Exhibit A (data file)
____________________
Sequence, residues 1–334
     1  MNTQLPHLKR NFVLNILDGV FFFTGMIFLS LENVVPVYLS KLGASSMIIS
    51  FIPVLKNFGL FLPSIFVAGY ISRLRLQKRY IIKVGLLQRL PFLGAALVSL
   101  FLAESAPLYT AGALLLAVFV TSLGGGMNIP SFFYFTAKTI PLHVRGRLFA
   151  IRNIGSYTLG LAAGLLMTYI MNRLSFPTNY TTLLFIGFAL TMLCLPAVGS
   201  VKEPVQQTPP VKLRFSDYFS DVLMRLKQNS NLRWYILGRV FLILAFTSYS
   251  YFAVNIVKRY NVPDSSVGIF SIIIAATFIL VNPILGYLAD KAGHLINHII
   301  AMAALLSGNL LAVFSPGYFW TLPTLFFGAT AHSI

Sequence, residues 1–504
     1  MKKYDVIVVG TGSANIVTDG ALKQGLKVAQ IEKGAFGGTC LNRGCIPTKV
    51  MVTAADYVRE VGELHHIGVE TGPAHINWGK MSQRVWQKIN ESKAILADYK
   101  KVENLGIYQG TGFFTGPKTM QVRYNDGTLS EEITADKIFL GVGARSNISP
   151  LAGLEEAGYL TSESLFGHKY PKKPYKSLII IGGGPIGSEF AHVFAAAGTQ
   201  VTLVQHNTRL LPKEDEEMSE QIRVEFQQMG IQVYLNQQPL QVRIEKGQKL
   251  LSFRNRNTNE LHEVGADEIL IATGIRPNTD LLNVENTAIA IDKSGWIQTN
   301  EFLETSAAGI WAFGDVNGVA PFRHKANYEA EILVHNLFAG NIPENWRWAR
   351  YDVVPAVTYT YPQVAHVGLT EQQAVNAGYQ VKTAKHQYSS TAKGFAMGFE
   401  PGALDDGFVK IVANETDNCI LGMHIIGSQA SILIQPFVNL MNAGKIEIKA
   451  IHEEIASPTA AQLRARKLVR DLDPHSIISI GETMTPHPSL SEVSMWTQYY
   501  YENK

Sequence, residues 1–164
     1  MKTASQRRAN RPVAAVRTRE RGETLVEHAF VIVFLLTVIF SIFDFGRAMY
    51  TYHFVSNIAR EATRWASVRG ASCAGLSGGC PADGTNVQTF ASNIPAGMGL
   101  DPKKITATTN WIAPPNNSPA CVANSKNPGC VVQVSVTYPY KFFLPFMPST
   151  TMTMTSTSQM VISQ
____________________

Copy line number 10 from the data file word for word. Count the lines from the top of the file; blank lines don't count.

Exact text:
     1  MKKYDVIVVG TGSANIVTDG ALKQGLKVAQ IEKGAFGGTC LNRGCIPTKV